imc fallen about three f cot , and work on tha
wrecked cars Is rendered much easier. The
lead and wounded yrcro all taken to Now
lampton as fast ns they wcro taken from the
wreck , nnd the dcaCi bodies put In cluirgo of
ho undertaker , while the wounded were pro
vided with suitable clothing nnd ns comfort-
nblo quarters as could bo furnished. Drs ,
Mixer , Bnbcock , Wright , Gnrdnorand ttoomo
are in constant attendance nnd are doing all
in their power to alleviate the suffering.
Ono of the most pitiable sights connected
with the catastrophe is that furnished by the
Hcldcckcr family. They nro all provided
with comfortable quarters In the Clark
louse. The family In composed of father
and mother nnd seven children , ranging In
ages from one to fifteen years. The father
and mother lay in ono bed rendered almost
speechless nnd unable to move. Their faces
and hands are a complete scald.
In an ndolning ] room on a wide bed are the
.hrco youngest children , burned so badly ns
, o be beyond recognition. At the foot of the
jcd , stretched out on n cot , is William Held-
cckcr , the eldest son. The extent of his in-
uries cannot bo learned. During the entire
day he has hardly moved or uttered n word.
Louis and Peter Hcldeckcr wcro both
Lhrown through the window out Into the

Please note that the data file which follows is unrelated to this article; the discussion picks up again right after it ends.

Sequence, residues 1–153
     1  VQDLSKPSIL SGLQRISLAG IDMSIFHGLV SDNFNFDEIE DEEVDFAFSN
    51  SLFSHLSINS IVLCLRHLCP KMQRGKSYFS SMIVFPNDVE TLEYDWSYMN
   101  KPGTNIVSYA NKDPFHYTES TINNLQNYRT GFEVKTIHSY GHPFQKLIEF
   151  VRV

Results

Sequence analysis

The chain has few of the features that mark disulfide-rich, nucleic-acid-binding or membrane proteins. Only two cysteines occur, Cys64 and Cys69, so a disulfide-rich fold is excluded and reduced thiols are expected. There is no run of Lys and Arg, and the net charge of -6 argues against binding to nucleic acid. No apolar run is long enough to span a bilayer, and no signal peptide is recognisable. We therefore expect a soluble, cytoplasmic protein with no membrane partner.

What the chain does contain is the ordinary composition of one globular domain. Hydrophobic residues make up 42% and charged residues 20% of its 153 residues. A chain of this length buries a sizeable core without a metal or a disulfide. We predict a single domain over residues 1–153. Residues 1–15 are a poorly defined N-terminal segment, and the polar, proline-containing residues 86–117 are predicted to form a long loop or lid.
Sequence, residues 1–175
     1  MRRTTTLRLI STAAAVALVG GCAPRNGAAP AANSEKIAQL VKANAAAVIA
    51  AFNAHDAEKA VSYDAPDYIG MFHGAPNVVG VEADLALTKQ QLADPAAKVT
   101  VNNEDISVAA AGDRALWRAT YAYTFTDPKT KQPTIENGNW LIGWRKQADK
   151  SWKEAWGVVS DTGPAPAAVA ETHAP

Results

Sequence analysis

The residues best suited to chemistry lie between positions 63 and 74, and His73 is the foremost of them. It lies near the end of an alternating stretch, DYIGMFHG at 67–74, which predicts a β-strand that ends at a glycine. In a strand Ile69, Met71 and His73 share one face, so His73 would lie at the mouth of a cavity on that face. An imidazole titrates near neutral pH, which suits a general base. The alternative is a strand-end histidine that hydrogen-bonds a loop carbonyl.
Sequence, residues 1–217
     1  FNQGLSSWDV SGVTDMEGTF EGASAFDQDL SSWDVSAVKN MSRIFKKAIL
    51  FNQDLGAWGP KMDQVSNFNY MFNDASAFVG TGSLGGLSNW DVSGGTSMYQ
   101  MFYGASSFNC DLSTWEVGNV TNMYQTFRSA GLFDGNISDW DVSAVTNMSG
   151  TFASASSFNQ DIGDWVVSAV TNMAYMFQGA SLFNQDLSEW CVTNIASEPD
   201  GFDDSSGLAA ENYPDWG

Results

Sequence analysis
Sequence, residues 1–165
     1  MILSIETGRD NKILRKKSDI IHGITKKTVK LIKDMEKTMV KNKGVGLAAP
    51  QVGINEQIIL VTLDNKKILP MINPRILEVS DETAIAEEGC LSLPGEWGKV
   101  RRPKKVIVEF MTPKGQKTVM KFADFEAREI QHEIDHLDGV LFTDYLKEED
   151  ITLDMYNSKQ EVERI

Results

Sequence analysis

water as the car plunged down the embank
ment and succeeded In swimming to the
shore nnd escaping with but slight injuries.
It is quite probable that at least three more
members of this family will yet die.
All day long numberless people from the
farms and from the workshops , business nnd
irofoislonul men have been thronging to the
scene and most of 'them have taken away
The following account of the wreck is
? iven by nn eye witness : The trnin pulled
L > y engine No , 831 , . J. W. Scngcl engineer ,
3yrus Morris conductor , passed through
New Hampton some hours behind tlmo.
Scagcl was an old employe of the road and
knew every foot of- the track over his run.
As ho pulled out of New Hampton he was
running nt the rate of forty miles
nn hour , but when near what
is known as the dry bridge , about twenty
rods cast of the main span over the middle
Wapsie he applied nis air brake , slacking up
the train to about ten miles an hour. Ho
pulled over the dry. brldgo and then put on
steam and at the tlmo of the accident was
going ut the rate o ( thirty-ilvo miles an hour.
A heavy rain had fal'pn'tho ' night before and ,
a largo chunk of ice ; nn ncre In nrea , hnd
broken loose from ; above and coming
down had struck the grade about midway be